Are we monsters? Too controlling? It depends on who you ask. The reality is that almost none of this has ever been necessary for my son (maybe the time limits have, but only because he’ll lose track of time), and most of it has been implemented because my daughter would happily stay up all night surfing Tumblr and chatting with friends if she had the opportunity to do so. I’m perfectly at peace with the choices we’ve made regarding electronics up to this point.
The evening of the last day of school, my daughter was sitting in the family room with her computer, and suddenly she looked up at me in a panic. “Are you going to leave the parental controls on my computer when I go to college?” she asked. “Am I going to, like, have to call you and be all ‘I need you to come down here and let me change this setting?'”
I choked back a laugh. “No, honey. When you go to college it’s all up to you.” She smiled, and went back to what she was doing. “In fact,” I continued. “The whole idea here is that we set up what we think are reasonable limits, and then we pull back on those gradually and you take over regulating yourself, you know?” She looked confused. “If we kept managing all of this for you until the day you move out, you won’t know how to do it on your own and then you’ll be away with no safety net of me nagging you. Over the next year we’ll start giving you more freedom to figure this out yourself, bit by bit, assuming you’re handling yourself and meeting your responsibilities.” She considered this.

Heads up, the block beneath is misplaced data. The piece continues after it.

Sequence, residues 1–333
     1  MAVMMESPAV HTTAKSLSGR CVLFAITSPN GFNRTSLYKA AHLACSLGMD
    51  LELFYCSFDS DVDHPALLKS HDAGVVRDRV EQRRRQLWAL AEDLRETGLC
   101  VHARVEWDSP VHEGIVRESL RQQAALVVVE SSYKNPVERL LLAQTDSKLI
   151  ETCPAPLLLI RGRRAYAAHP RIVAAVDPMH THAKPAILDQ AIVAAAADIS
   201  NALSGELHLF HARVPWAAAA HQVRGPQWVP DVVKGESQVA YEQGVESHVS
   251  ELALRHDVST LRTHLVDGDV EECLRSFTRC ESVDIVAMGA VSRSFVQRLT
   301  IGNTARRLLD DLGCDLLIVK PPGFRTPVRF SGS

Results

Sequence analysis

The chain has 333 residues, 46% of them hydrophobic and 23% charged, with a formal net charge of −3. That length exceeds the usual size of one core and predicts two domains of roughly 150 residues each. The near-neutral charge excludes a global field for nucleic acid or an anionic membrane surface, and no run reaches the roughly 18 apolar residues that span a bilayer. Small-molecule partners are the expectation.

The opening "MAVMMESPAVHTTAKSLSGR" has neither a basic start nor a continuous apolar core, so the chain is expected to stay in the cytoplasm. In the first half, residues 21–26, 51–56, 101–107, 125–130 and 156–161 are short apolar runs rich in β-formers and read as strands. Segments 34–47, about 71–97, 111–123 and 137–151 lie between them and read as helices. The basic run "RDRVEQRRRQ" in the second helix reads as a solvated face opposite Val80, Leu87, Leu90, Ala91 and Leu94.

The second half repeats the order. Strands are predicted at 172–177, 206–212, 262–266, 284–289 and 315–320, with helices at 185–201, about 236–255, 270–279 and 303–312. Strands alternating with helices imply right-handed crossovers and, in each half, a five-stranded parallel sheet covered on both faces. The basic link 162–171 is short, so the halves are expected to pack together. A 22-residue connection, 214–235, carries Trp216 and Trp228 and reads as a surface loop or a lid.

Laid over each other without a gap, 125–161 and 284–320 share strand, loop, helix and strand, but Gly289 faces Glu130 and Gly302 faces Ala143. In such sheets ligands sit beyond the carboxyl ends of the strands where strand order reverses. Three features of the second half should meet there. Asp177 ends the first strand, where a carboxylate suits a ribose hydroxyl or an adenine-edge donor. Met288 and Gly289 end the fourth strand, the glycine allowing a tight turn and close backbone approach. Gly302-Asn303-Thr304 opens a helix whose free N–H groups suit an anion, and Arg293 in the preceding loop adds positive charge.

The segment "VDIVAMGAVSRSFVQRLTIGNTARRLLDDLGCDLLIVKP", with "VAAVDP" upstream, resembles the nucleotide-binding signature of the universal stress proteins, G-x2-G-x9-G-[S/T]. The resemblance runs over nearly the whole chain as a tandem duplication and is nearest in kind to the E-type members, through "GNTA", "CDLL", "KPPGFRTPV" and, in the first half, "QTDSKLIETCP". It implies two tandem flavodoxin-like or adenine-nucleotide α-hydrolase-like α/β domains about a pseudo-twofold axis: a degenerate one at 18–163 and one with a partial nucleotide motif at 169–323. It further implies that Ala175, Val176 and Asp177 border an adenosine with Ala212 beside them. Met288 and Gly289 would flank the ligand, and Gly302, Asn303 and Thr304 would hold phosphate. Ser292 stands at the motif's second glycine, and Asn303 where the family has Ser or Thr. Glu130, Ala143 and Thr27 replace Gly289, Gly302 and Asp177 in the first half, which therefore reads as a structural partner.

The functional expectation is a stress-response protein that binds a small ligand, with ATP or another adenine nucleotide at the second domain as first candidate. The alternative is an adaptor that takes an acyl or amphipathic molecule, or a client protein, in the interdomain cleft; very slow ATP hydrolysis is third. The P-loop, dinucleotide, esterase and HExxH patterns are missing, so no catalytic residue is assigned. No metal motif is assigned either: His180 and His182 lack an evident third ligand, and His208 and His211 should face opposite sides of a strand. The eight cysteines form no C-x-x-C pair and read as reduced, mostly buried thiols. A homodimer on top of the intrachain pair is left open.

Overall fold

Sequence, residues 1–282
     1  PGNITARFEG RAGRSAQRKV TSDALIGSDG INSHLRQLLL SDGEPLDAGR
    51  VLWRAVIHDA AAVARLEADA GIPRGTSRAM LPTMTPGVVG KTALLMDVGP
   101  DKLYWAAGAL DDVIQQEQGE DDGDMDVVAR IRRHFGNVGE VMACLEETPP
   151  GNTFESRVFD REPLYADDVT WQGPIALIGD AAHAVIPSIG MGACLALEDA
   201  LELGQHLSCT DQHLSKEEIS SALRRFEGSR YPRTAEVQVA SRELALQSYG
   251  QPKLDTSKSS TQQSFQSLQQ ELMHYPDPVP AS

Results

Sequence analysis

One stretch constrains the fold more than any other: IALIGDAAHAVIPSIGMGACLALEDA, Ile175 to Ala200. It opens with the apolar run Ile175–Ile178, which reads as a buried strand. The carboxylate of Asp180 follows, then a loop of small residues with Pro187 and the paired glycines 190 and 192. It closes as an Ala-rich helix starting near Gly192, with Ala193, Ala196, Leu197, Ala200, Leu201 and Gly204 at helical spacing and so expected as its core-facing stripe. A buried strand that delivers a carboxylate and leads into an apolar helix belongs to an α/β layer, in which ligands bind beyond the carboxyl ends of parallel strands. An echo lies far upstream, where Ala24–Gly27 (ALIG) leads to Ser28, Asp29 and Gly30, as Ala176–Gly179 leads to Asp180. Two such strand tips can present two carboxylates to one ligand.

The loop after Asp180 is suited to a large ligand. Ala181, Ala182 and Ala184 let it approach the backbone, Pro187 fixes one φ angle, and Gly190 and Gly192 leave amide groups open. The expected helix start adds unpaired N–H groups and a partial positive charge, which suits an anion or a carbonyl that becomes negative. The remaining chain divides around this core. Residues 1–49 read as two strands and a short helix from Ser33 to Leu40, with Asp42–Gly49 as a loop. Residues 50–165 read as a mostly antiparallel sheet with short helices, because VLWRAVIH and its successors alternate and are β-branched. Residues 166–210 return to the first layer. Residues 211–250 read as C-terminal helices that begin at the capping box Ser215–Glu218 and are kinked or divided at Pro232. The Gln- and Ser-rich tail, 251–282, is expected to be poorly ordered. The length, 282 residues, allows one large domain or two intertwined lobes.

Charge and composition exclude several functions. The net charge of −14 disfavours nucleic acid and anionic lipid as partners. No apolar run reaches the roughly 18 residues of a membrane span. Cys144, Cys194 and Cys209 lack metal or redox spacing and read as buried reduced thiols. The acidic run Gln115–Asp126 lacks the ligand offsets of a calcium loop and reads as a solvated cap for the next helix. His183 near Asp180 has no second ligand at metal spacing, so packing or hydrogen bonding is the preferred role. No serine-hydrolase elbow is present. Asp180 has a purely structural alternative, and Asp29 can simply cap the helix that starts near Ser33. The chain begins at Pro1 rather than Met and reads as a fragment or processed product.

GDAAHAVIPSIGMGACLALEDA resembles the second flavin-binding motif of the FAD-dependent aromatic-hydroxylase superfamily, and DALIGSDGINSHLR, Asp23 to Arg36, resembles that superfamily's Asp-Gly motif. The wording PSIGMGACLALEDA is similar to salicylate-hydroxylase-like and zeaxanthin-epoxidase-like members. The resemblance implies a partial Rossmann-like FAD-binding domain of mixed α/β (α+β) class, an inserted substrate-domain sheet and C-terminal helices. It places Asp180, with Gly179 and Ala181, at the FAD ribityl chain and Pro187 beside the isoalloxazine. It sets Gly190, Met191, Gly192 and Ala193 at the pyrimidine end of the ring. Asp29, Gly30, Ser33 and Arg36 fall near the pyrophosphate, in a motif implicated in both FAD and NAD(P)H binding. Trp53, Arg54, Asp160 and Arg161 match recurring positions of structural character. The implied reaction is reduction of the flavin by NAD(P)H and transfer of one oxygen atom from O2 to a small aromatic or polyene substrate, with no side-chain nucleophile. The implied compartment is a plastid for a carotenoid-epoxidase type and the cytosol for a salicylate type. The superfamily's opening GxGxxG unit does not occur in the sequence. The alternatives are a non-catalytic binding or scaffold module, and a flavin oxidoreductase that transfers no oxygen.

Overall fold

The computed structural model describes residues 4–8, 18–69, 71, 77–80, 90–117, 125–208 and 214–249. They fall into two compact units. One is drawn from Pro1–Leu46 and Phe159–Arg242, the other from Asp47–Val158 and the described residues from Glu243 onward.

“I want a later bedtime,” she said, a hint of challenge in her tone. “This summer for sure, but also next year.”
“Fair enough,” I said. “Right now you just have a ‘be upstairs’ time and we haven’t been enforcing lights out, right?” She nodded. “That was the first step. We can shift that time some, that’s fine. It’s already up to you what time you get into bed. And you know I don’t care how late you stay up as long as you can get up in the morning. You have to figure that out.” She nodded. “You’re going to be taking a heavy course load next year, so probably the next thing is that we’ll take the time limits off your computer. But that means you still have to figure out getting your work done, not that you can spend six extra hours surfing the ‘net.” She laughed, and as happens more and more often, I saw a flash of her toddler-self in her nearly-adult face. “By the time you leave for college, you’ll have already been managing this stuff for quite a while. I’m not going to pop into your dorm room to tell you to stop gaming or turn off the lights and get some sleep. It’ll be all you.”
She nodded, deep in thought. If I had to guess, it was about two parts triumph and one part terror. And that seems about right, because that’s how it feels to me, too.
You hold on so tight for so long, you’d think letting go would be a relief. It is, but it’s also scary. Maybe I can take a tip from my fearless firstborn and spend this next year figuring out how to find it a little exhilarating, too.